London Film Festival 2020: Wildfire Review

Next up with the 2020 London Film Festival, I decided to go for a drama and, seeing what was in the schedule, this one did stand out. Given the premise of the film that the BFI put up, I decided to give this one a shot. On the whole, I’d say this is a pretty good film, but it did need a bit more time.

The film focuses on sisters Kelly and Lauren, who live in an area near the border between Northern Ireland and the Republic of Ireland. Kelly had been missing for a few years prior to the events of the film and one day returns to Lauren’s home. After Kelly returns, rumours start to go around over what happened to her, along with re-emerging rumours about Kelly and Lauren’s mum. There are interesting ideas raised in the film about the nature of mental illness and the difficulties that they can cause someone without a proper support network. I also think the way the film handles the damaging nature of rumours effectively and how rumours can end up causing a lot of harm to people, depending on how personal they can be. The central relationship between Kelly and Lauren is well handled, demonstrating the love that the two have with each other, but also the difficulties that the two have and how much damage was done by Kelly’s disappearance. There are some elements that I do think could have had more time given to them. In particular, there’s a political element in the film involving the legacy of The Troubles and the ongoing issues of Brexit that come into play, but not enough time is given to these elements. I think the film needed to be a little bit longer in order to properly explore these elements.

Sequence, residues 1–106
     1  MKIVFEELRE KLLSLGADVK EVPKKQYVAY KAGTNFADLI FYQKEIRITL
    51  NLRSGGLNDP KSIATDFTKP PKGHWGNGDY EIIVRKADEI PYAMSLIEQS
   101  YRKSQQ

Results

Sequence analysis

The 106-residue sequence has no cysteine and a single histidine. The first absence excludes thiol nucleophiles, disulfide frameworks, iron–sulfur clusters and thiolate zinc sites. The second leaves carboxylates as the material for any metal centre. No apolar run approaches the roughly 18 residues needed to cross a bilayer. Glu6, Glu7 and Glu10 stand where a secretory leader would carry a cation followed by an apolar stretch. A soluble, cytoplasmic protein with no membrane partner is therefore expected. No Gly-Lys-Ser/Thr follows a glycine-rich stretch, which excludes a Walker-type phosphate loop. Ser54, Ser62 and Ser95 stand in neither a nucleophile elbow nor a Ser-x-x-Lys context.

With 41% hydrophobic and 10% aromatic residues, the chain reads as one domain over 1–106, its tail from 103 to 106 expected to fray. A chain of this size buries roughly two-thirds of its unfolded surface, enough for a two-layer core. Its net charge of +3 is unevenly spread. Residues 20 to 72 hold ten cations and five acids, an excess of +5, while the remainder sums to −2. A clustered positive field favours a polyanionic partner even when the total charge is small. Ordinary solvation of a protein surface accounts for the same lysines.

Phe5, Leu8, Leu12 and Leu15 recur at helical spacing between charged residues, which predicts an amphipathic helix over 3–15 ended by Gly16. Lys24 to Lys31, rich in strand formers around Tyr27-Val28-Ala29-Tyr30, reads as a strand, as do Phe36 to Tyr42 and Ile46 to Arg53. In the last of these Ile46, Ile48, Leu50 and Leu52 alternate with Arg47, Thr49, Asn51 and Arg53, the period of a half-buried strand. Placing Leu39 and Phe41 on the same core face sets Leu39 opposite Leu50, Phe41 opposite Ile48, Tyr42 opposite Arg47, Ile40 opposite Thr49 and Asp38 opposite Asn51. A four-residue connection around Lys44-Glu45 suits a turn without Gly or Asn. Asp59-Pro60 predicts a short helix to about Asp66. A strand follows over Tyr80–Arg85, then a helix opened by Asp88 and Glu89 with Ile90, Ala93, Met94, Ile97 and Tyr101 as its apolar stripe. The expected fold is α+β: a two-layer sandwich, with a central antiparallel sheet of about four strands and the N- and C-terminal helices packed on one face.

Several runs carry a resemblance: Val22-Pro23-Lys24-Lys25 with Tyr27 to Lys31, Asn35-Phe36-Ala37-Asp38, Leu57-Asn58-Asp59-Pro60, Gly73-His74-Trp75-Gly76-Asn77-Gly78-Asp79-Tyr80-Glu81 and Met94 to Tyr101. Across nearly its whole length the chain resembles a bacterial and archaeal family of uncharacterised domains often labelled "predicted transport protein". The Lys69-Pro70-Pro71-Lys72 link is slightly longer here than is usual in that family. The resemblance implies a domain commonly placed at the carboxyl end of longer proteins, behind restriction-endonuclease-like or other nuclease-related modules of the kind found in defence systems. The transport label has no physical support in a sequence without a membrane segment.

For the performances, Nika McGuigan does a great job showing the emotional vulnerability of Kelly. It is a raw, powerful performance that does a great job showing the lingering issues that the character’s mums death had on her and her difficulties in reconciling the death with her own psyche. Nora-Jane Noone as Lauren meanwhile is great at showing her own frustrations with life and the damage done to her by Kelly’s disappearance, along with her feelings of guilt over everything that has happened, particularly with their mum. The chemistry that McGuigan and Noone have is excellent and sells the sisterly bond the two have. In supporting roles Kate Dickie and Martin McCann are solid, showing the way they feel towards Kelly and Lauren and their own efforts to help the two, but in a way that shows their actions are more self-centred than actually trying to understand the issues that the two of them have.

Overall, Wildfire is an engaging film, buoyed by the strong performances from Nika McGuigan and Nora-Jane Noone. Whilst I do think the political elements of the film needed more time in order to be explored in depth, the core emotional weight of the film is strong and this ended up being an engaging watch.

My Rating: 3.5/5

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